The set up is something from a slice of life story that doesn’t really promise much remarkable. The movie does start with a shot of a dead body in a river, however. This image will continue to impact the grandmother’s life in ways neither she nor the audience could imagine. Slowly as the movie unfolds, you realize that this seemingly simple story is not so simple and much more profound than its initial passages suggest.

Chang-dong Lee’s direction is more straightforward than some Korean films I’ve seen. This story wouldn’t work with slick and flashy filmmaking, however. It’s important that its issues grow organically from the material and work their way under your skin before you even know they are there. For much of the movie I thought, this is good, but not great. By the final moments, my mind staggered at the enormity of what I had seen sprout from this woman’s small life.

Deuce Bigalow: European Gigolo (2005) *½
Director: Mike Bigelow
Writers: Rob Schneider, David Garret, Jason Ward
Starring: Rob Schneider, Eddie Griffin, Jeroen Krabbé, Hanna Verboom

“Deuce Bigalow: European Gigolo” infamously led star Rob Schneider to take out a full page add in Daily Variety and the Hollywood Reporter to debunk the credentials of Los Angeles Times critic Patrick Goldstein for referring to him as a “third-rate comic” in his scathing review against this film. This in turn prompted Chicago Sun Times critic Roger Ebert to confirm to Schneider personally in his review of the film, “Mr. Schneider, your movies sucks.”

Unfortunately for Schneider, both critics are correct. This movie is bad. I don’t think I hated it as much as either of them, however. I found myself laughing at some of the most offensive material here. If anything, I don’t think the movie goes far enough. In many ways, I feel like Schneider played it safe with this sequel to the equally bad “Deuce Bigalow: Male Gigolo”. If this is the type of comedy you’re going to do, you really can’t hold back at all.

Schneider also sent a big bouquet of flowers to Ebert when he was in the hospital battling throat cancer. It was a sincere gesture and proves that Schneider is classier than his movies. That makes me root for the guy, so maybe this movie is even worse than I felt it was. But, a guy can dream.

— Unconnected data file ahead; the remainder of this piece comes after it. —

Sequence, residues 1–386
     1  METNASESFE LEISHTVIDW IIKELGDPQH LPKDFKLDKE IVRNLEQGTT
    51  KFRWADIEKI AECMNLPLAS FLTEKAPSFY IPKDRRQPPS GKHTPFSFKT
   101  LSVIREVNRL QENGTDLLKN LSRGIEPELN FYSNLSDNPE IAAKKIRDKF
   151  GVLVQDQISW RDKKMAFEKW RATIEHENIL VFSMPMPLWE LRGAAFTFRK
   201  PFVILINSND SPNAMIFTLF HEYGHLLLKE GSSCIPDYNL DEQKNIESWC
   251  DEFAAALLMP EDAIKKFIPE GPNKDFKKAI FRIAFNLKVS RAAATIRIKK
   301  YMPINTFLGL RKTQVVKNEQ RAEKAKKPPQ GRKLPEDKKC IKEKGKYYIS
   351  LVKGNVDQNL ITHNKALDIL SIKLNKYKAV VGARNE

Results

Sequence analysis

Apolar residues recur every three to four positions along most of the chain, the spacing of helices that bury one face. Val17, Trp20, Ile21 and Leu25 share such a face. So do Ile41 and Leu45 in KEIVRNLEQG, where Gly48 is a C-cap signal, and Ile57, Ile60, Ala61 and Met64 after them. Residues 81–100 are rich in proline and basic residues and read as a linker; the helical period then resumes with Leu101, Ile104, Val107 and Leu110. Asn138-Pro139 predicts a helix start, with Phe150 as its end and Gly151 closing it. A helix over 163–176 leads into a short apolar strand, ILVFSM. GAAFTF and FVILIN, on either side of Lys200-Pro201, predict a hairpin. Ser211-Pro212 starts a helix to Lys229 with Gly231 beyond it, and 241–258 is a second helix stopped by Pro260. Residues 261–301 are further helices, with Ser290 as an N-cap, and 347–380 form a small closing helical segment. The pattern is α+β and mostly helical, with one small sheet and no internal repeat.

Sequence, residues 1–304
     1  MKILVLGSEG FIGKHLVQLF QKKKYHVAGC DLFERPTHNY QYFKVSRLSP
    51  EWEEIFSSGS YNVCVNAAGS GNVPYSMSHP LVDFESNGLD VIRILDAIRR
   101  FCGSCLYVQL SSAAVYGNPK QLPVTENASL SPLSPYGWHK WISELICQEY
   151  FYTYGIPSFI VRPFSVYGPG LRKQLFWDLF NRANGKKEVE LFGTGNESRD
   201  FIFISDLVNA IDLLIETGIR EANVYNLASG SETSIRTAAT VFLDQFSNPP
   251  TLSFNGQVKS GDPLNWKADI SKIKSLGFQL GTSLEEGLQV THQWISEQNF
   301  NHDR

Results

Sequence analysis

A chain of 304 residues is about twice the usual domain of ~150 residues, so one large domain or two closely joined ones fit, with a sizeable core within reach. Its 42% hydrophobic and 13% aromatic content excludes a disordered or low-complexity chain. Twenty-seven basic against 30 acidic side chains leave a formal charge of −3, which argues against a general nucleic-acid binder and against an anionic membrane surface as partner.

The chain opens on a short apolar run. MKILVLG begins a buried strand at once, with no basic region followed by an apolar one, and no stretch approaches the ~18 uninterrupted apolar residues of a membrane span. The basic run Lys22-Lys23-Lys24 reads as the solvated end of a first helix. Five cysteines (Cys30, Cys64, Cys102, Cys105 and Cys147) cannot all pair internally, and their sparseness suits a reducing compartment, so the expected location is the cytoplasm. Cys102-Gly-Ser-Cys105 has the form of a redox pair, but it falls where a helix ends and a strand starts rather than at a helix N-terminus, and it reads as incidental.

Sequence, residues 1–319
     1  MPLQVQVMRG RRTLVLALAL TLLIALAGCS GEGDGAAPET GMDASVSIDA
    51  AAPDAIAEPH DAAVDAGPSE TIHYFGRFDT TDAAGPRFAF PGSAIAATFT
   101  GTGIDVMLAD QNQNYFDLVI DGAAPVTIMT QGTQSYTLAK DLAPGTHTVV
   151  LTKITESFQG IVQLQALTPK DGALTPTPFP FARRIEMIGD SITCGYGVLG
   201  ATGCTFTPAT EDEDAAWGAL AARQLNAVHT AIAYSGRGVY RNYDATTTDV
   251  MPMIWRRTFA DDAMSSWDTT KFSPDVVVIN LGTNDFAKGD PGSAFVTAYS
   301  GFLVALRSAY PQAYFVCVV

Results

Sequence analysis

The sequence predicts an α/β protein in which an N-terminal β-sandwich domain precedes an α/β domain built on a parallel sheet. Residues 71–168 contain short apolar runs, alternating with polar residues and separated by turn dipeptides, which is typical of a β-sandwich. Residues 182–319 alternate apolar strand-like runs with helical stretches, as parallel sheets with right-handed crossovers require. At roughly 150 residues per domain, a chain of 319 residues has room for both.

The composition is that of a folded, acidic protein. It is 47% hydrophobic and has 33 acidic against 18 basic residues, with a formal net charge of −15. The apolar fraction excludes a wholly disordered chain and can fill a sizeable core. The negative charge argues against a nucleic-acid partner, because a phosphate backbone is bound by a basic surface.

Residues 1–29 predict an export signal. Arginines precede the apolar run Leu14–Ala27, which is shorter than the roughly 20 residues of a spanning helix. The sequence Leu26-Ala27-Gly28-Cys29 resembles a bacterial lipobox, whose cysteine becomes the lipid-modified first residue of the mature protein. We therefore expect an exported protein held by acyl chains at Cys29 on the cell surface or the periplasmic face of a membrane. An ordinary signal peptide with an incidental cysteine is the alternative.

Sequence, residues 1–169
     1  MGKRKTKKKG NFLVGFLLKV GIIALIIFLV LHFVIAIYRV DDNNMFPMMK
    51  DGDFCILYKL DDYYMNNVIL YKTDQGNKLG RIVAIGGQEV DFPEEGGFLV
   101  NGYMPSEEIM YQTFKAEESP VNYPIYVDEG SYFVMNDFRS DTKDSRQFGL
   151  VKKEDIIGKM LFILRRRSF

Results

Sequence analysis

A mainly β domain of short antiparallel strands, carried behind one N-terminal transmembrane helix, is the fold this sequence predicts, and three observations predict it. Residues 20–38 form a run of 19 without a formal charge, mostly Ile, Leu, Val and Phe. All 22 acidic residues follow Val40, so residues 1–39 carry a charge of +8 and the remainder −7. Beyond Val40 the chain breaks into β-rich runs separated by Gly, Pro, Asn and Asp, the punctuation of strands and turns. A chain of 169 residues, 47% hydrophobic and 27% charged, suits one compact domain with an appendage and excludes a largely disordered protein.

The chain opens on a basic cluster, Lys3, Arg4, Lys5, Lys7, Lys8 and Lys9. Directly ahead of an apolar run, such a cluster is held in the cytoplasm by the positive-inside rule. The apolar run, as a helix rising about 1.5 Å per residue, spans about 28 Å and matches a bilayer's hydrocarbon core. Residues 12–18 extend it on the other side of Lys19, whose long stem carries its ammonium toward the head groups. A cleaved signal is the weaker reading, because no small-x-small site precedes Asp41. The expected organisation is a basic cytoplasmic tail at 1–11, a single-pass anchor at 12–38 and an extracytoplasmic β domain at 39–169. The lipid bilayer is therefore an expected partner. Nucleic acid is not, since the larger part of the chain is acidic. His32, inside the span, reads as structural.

Western of the Week

The Left Handed Gun (1958) **½
Director: Arthur Penn
Writers: Leslie Stevens, Gore Vidal (play)
Starring: Paul Newman, John Dehner, James Congdon, James Best, Lita Milan, Hurd Hatfield, Colin Keith-Johnston, John Dierkes

I think the story of Billy the Kid might be an even more frequently filmed western story than that of the gunfight at the OK Corral. Famed “Bonnie and Clyde” director Arthur Penn has his shot at it years before that groundbreaking classic. Working from a play by Gore Vidal, Penn’s Billy the Kid story touches upon all the typical stopping points, the friendship formed with cattleman John Tunstall, the subsequent friendship with Pat Garrett before he became a lawman to hunt Billy down, the Lincoln County War, the breaking of the amnesty by Billy to avenge the death of Tunstall, and the question as to whether Billy was right handed or left handed. If the title hadn’t clued you in, Vidal took the stance that the man also known as William Bonney was left handed.

While there are some compelling points brought to Billy’s story in this version, I think the fact that this was adapted from a play shows. The movie is far too contemplative about Billy and his actions. Too much time is spent showing Billy thinking about what needs to be done or what has been done. There is plenty of action, but the movie drags as if the dialogue and the action are never really connected.

Penn had only begun to explore his personal notions of criminal storytelling at this point in his career and the raw action that he created to change the face of cinema cannot really be found here. Although, there is one scene where Billy kills a deputy from a rooftop that gives the slightest taste of what Penn would create with “Bonnie and Clyde”. It is the only slow motion shot in the movie and the slow motion only last for a few frames, just long enough to highlight the brutality of the killing. The kid walking over and laughing at the deputy who has just literally been blown out of his boots also suggests the comedic elements the Penn would eventually mix in with his harsh violence.